Nothing incompatible about faith and football
Athletes say spirituality helps during tough times
"It's just the opposite for me," said Koskan's teammate, wide receiver Xavier Martin, an Evangelical Christian. "It was harder to resist temptation after I was saved. I have come to realize that the Devil is alive. He is real. You have to be careful. You have to protect yourself. I pray every day for God to send his angels to build a fortress around me to keep me safe from temptation and sin."
And that's something believing football players share, regardless of their belief background or the university they attend: trust in the power of prayer.
"There are so many ups and downs during a football season," said Mike Alisa, a BYU running back and another returned LDS missionary. "I always find myself turning to the Lord, offering little prayers in my heart to help me make it through a tough practice, or to be humble and accept a coaching decision. It's like I'm constantly praying, and I definitely feel the strength that comes from prayer."
"I pray for my teammates," Martin said. "And I pray for the opposing team. I pray that we'll all be safe, that we'll all do our best, and that we'll all play with good sportsmanship."
Utah freshman running back Lucky Radley, who is also Catholic (although he attends a Christian church as well), said he prays after every play "to thank the Lord for helping me get through that play."
"I pray before every game and every practice and ask the Lord to help me do my best and be safe," he said. "Then I pray after every game and every practice to thank the Lord for his blessings. It isn't something I have chosen to do — it's just something I do, part of my faith as a Christian to pray."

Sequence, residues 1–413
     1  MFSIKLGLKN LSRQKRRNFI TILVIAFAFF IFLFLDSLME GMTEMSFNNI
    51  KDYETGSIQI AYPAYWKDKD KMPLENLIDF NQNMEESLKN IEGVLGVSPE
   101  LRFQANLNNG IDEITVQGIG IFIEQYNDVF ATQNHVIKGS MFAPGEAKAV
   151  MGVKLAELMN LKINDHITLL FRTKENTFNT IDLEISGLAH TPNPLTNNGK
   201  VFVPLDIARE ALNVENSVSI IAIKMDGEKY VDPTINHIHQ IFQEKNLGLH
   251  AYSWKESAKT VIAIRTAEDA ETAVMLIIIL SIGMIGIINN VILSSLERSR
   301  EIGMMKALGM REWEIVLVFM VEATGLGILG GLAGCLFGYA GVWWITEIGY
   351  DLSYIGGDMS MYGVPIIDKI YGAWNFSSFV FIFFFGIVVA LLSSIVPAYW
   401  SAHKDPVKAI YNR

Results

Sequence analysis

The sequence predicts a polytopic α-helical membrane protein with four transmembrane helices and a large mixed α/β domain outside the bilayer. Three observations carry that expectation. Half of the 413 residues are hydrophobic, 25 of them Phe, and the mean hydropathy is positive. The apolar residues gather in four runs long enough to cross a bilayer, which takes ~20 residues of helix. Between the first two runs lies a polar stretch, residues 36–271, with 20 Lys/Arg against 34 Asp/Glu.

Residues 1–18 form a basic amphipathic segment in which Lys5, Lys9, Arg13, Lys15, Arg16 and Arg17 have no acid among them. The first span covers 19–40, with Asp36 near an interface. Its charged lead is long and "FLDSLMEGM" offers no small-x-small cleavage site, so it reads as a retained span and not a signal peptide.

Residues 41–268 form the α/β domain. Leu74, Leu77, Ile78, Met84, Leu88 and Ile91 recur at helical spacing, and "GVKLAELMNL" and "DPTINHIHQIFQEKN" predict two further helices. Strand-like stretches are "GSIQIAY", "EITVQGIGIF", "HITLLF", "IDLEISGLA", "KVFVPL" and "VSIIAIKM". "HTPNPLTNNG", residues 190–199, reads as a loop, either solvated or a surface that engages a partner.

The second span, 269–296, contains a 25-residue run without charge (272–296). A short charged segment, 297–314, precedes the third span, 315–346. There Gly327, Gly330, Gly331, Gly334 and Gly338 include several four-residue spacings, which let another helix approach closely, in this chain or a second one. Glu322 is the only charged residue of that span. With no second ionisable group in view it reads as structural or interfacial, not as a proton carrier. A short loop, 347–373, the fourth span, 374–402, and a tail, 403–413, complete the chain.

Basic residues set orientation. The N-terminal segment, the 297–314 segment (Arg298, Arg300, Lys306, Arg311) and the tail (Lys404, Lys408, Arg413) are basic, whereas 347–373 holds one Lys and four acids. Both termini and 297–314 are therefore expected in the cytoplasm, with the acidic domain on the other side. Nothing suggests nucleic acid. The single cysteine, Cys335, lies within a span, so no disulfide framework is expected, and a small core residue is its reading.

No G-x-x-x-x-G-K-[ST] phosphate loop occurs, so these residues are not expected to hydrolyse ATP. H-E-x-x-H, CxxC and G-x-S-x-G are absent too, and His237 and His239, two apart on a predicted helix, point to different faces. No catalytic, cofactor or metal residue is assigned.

Tofaeono agreed. "Prayer isn't something you think about," he said. "If you're a Christian, it's just something you do — without thinking. You pray about everything."
Everything, that is, but winning.
"To be honest, I used to struggle with this a little," said BYU offensive line coach Mark Weber, another devout Christian. "I admit that I used to pray for victory. But I've learned and grown and mellowed a little through the years, as a person and as a Christian. Now I pray to do the best job I can do. I pray for our players to do their best. I pray for their safety. And I pray that Christ may be glorified by the way I work and conduct myself."
"I don't think you can pray to win," Koskan said. "I don't think God cares about winning and losing football games. All he cares about is if we do our best."
"Besides," Di Luigi said, "if you have God in your heart and in your soul, you never really lose, no matter what it says on the scoreboard. What's that scripture? If God be for us, who can be against us?
"So really," he said as he trotted off the practice field, "you can't lose!"
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